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Brazilian model Dani Witt knows how intense the international runway circuit can be. After she opened in her very first show — Vionnet couture back in January 2014 — the Next-repped model has walked every season since. “When we are doing fashion week, we are all complaining like, ‘Ugh, this is killing me,’” said Witt of the common sentiment among models. “But then after three months, we are all like, ‘I miss fashion week!’ because it is really is exciting.”

The 22-year-old redhead — a natural blonde — grew up in the south of Brazil but is actually of German ancestry. “My sister is 41 and my brother is 36; I was an accident,” she said with a laugh, explaining that her childhood consisted of playing sports like volleyball. After a local scout persuaded her to give modeling a try, she started her career in São Paulo before moving to New York at age 20 and has since appeared in the pages of British Vogue, Teen Vogue, Dazed & Confused, i-D, Elle and Harper’s Bazaar as well as campaigns for Honor and Blugirl.

“I really love every job that I do,” she said. “Of course, it’s really good to do big campaigns. But it’s nice to be with clients that treat you well. I think that each client is special — it doesn’t matter if they are a big or small brand.”

WWD: How did you start modeling?

Dani Witt: Many people would ask me, “Do you want to be a model?” and I would say, “No, no, no.” But this one guy [a model scout] was like, “You need to at least try. You might try and say you don’t want to do it, but you need to try.”

WWD: Why were you initially hesitant?

D.W.: I started modeling when I was 16, but I felt too young. I didn’t want to leave my mom and go far away. I was always going back home to study and be with her. But the [model scout] was right, because I didn’t really know what it was like, and then I tried it. He took me to São Paulo — I’m from the south of Brazil, where we don’t have much. I did my first photo shoot and I was like, “Actually, I like this.” My mom came with me, and she was happy for me.

WWD: You’ve lived here for almost two years. How do you like New York?

D.W.: I was subletting places, but I finally got my own place in Brooklyn Heights; I’m sharing with someone. I’m really happy now. It’s great to have my own space and not live out of my luggage anymore. I like to hang out with my friends. I really love going to cafés, talking. I’m not really a night person; I like the daytime. I like to wake up early, go to the gym, go to the park, stuff like that.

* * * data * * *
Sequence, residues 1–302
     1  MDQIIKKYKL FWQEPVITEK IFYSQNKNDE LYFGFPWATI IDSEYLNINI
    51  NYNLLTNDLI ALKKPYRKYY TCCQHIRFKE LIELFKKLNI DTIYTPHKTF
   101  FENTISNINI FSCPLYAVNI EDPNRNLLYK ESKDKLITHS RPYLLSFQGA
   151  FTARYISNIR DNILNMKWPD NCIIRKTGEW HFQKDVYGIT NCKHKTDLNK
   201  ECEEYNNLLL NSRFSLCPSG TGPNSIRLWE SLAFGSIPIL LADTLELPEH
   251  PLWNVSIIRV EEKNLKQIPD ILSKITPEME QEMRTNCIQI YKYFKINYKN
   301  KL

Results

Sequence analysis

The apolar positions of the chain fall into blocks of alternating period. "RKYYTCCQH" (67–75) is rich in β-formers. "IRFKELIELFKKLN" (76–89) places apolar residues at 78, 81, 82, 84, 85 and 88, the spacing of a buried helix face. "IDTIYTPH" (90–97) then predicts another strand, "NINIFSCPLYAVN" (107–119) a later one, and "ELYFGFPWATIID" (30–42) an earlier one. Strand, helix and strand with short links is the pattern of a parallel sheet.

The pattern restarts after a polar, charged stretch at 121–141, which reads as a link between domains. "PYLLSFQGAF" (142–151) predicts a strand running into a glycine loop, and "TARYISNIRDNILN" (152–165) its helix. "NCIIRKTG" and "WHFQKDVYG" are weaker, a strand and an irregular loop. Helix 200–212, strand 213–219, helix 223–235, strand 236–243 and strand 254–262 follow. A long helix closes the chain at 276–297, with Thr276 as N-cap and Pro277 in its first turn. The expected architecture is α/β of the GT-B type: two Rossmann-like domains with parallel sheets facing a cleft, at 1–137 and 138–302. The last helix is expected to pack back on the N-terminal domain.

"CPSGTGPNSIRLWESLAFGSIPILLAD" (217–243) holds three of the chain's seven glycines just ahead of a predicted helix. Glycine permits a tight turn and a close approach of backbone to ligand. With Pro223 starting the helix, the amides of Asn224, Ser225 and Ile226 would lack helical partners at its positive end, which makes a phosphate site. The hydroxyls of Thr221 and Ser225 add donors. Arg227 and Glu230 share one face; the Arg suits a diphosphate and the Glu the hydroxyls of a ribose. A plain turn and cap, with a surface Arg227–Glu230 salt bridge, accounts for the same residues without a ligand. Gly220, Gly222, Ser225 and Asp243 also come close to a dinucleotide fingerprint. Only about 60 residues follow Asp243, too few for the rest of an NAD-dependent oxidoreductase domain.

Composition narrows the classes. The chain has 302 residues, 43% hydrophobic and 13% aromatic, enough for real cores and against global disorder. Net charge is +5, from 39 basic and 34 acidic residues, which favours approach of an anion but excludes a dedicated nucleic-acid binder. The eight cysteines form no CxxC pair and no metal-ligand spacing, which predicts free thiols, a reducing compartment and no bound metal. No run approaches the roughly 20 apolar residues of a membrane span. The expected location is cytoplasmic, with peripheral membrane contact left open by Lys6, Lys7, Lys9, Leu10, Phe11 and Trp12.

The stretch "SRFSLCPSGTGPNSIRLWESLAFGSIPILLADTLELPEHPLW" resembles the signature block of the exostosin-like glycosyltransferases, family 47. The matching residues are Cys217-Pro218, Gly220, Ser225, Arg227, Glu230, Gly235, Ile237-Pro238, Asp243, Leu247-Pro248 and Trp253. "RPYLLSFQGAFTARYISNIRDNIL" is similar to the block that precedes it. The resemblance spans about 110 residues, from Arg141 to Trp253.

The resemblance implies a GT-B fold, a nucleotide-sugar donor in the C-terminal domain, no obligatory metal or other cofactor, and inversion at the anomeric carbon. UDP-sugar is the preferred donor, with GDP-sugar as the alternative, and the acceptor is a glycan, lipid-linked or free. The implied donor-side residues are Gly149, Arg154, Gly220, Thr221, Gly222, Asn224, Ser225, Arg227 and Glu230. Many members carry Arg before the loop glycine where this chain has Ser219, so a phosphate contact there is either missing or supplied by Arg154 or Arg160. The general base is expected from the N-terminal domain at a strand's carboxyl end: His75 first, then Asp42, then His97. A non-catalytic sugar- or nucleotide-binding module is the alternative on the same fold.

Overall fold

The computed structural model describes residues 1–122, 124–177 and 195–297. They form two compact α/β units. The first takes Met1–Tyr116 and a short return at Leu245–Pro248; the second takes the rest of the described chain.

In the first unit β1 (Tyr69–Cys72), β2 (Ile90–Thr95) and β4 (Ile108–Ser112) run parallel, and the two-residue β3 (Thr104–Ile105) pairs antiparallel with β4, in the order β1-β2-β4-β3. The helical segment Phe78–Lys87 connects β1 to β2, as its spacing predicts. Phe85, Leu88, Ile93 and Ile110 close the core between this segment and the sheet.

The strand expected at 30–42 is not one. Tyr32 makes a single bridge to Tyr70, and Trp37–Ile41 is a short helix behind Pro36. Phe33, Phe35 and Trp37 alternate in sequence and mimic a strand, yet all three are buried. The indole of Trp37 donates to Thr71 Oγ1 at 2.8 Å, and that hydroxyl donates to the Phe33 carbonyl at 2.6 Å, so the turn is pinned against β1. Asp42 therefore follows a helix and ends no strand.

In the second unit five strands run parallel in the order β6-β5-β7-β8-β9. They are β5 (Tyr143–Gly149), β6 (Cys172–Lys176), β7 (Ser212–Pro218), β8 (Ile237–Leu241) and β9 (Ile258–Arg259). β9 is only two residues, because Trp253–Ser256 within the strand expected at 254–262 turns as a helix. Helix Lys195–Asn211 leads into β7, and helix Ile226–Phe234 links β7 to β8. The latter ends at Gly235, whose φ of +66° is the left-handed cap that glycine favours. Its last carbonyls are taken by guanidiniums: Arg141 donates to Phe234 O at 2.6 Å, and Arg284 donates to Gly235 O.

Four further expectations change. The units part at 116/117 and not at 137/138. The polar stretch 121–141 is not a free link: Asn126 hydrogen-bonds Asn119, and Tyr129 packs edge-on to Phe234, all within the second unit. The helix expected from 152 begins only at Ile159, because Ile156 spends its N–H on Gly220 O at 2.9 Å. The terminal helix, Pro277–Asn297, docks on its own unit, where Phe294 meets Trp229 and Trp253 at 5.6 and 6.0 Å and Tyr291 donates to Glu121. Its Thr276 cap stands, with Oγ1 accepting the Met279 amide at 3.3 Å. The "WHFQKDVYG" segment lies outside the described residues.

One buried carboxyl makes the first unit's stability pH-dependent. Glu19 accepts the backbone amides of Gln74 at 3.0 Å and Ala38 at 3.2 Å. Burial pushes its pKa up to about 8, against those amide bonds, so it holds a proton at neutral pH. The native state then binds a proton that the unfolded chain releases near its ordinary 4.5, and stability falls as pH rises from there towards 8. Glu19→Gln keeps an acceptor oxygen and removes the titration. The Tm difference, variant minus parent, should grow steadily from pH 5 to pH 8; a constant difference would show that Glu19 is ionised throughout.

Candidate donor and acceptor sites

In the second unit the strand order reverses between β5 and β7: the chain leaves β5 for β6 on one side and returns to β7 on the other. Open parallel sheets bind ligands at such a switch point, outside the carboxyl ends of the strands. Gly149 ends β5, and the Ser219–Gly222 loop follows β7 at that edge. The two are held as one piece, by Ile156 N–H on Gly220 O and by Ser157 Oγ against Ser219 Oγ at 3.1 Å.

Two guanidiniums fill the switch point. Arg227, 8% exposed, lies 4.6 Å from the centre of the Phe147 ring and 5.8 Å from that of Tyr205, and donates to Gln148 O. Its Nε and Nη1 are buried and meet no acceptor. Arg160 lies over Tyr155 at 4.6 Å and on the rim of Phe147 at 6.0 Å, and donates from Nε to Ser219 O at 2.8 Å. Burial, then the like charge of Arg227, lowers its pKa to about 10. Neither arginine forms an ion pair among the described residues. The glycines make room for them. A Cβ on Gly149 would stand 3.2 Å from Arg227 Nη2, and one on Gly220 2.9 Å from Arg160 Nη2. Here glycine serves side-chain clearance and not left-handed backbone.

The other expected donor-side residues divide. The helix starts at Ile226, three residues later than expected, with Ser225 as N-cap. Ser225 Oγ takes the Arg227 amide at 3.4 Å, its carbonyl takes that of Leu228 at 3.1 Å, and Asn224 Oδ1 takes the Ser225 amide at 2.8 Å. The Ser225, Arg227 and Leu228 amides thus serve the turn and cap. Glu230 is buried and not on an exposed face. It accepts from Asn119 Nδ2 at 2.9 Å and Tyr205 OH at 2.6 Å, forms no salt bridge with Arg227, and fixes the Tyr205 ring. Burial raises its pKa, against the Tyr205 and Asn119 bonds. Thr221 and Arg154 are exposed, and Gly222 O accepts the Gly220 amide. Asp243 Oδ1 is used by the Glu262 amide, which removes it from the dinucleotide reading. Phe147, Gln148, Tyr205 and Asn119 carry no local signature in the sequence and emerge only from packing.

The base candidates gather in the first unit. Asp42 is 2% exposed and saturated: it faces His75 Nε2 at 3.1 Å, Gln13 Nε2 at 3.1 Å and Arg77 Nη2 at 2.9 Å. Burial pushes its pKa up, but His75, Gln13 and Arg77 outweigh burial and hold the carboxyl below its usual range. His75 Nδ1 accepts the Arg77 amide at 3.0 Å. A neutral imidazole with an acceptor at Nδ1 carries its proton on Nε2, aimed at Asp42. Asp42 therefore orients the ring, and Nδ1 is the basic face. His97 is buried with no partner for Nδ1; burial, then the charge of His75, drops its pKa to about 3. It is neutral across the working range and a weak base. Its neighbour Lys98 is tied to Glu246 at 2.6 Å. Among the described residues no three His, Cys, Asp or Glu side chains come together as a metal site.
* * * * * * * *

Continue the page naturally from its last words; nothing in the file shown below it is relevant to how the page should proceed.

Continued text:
WWD: What do you miss most about Brazil?

D.W.: My family and my boyfriend. We try to see each other every two months, but it’s really hard to be far away from each other, to know that we are not together. And I miss the food. I miss the hot weather. Sometimes I miss the people, too. In Brazil, they are just happy. Sometimes I miss that.

WWD: You opened the Vionnet couture show last year and have walked every show season since. Do you enjoy it?

D.W.: It’s a bit crazy, fashion week. It’s a bit too much. But it’s one month-and-a-half of magical moments and new experiences…So many things happen. You know, after that, you realize how strong you are, because you need to be.

WWD: You’re a natural blonde, right?

D.W.: I was always blonde. Before they dyed it, I called my mom and I was crying so much, and my mom was like, “Dani, it’s just hair. They’re just coloring it and it can always go back. It’s a really simple thing.” It’s been red for a year now and I really love it. The only thing that sometimes makes me upset is that you always have to go to the salon and use special products. Now I really have to take care of it to make sure that it’s always looking good.

WWD: What’s the craziest hair and makeup look you’ve ever had?

D.W.: When I did the Marc by Marc Jacobs show, they really tied my hair up and made my eyes look as if they were taped back. It was so tight. My mom, when she saw the pictures, was like, “What did they do to your eyes, Dani?” Also, last fashion week, they dyed my eyebrows. I had never done that before. I had never seen myself like that before…it was kind of cool.

WWD: What are some of your goals?

D.W.: One of the things that I always wanted when I started to be a model was to be on the cover of American Vogue… I would really feel amazing if I got that. In life, I want to have a family. I want to be a nutritionist. I want to work with food and diet, especially to help models. I think we have such a big problem with that, and I would like to understand what happens to our bodies and minds.